If you have an interest in learning how to play guitar, there are a number of different ways you can get started. In this post we’ll talk about the pros and cons of some of the most popular paths to learning guitar, and how to know which one is right for you.
Ready? Let’s dive right in.
Probably the most common way most people start to learn guitar is through self study. They hear a song on the radio or from their favorite band and decide that they want to learn how to play it.
They find a guitar, and lookup a few chords online, or buy a chord book, and start trying to learn the song. If that’s the approach you want to take, I recommend watching this video for a beginners 101 type lesson:
This is great, and I highly encourage anyone who is interested in guitar to start playing by whatever means possible, but I also want to point out that self-study is usually not the best option, and has the highest failure rate (that is, the percentage of people who quit playing) of all of the possible guitar-learning options.
That’s because unless you’ve already studied another instrument, you’re unlikely to know many of the fundamentals of music that you need to learn to play. These aren’t difficult to learn, necessarily, but you do need to be guided through them.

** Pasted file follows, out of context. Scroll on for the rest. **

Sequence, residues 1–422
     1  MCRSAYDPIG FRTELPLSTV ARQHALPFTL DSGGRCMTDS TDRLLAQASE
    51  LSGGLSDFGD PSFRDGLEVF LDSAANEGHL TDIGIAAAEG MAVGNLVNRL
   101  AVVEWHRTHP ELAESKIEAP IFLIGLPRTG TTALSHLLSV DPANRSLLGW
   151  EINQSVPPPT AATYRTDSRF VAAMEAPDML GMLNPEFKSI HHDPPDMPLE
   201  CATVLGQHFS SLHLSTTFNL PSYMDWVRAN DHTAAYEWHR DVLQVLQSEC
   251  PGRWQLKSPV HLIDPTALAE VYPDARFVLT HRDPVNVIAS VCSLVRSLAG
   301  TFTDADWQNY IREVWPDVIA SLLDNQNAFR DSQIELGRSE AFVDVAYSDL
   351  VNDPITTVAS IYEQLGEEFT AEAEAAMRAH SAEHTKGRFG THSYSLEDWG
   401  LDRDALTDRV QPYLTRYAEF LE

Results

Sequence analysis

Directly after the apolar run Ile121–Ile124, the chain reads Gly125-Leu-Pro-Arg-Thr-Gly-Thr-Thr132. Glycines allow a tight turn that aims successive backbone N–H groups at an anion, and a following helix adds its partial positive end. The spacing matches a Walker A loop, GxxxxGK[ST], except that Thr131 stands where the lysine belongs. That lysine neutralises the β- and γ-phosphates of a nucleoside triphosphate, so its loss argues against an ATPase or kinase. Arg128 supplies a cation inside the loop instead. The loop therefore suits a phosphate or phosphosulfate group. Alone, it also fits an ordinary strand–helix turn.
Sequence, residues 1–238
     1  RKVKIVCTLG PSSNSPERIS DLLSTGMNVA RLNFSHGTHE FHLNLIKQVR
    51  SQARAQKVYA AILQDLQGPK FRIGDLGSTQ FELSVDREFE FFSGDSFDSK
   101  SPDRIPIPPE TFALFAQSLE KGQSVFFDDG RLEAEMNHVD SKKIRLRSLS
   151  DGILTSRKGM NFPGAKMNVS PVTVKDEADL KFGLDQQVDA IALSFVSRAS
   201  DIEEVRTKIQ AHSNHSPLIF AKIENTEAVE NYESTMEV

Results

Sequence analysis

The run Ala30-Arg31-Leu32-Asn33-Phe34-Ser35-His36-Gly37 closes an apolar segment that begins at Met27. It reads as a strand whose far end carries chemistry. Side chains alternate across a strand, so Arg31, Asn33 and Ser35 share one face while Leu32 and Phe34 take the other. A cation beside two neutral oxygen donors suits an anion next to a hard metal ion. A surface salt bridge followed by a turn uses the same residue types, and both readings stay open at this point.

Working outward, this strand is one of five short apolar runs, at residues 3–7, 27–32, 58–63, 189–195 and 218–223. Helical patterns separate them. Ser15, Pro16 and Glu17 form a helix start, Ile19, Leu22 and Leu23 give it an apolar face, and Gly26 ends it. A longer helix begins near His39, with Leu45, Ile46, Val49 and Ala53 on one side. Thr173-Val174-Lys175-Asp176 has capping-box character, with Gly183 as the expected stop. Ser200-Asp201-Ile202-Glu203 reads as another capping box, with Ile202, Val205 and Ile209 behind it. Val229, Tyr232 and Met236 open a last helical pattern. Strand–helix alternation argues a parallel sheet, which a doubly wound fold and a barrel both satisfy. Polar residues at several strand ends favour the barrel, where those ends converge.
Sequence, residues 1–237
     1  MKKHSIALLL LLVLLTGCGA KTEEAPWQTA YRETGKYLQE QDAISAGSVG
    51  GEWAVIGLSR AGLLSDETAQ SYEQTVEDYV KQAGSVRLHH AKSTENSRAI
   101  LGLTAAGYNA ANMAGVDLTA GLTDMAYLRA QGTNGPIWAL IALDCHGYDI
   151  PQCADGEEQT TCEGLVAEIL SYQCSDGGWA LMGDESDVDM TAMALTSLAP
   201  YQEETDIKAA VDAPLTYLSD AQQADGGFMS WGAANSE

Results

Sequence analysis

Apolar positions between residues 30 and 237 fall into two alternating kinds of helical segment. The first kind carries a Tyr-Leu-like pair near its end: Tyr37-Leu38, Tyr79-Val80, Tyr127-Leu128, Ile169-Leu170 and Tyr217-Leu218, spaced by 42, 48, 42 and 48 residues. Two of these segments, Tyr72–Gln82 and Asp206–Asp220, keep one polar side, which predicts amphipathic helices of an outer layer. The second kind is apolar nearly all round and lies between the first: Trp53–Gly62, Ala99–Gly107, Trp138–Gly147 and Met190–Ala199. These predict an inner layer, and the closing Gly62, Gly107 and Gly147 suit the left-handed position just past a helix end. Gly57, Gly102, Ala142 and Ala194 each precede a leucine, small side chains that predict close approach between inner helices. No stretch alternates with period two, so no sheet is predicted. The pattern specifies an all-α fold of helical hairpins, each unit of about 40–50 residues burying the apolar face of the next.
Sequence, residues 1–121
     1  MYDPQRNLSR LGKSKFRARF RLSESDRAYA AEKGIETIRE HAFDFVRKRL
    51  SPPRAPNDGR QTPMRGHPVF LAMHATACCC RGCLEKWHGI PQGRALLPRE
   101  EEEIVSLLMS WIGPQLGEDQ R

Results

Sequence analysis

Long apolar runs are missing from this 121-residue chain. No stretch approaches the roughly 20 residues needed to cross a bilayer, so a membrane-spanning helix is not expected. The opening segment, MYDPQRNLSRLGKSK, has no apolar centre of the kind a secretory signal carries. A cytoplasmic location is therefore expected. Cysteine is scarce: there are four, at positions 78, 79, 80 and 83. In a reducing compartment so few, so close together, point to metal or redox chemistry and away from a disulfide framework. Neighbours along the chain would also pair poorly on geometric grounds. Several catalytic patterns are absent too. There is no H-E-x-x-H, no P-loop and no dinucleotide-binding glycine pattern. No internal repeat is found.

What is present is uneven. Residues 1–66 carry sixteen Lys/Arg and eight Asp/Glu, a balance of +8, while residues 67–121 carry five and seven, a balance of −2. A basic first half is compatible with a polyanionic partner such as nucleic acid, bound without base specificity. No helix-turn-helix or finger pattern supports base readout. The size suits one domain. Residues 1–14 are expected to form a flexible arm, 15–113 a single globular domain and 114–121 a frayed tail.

Which leads us into the other options…
A better approach to self-study is to take an online course. This approach has the advantage of being a very affordable option (many programs start for only $20-50 a month), and it gives you access to the experience and guidance of professional teachers.
Some programs, like guitartricks.com, will give you access to a variety of different teachers, all for the same monthly subscription price. That gives you the advantage of learning from a lot of different experts, rather than just one.
Read a complete GuitarTricks.com review here.
Finally, the best option is usually to hire a private teacher. With this approach, you’ll get personal guidance as you learn to play the instrument. A good teacher will not only provide the information and guidance you need to follow a clear path to practicing guitar, but will also be able to provide personalized input to help you through any problems you have.
Getting over some of the common beginner obstacles, like chord fingerings, understanding how to read a tab, and basic strumming techniques, goes a long way to helping you improve faster than you could on your own, even if you follow along with an online course.
The downside, of course, is that taking private lessons is the most expensive of the three options listed here. Individual lessons can range from $50-120 per hour, depending on your location and the teacher’s experience.
f you ask me, though, the investment is well worth it! Read more about why you should hire a private teacher from the Yale School of Music.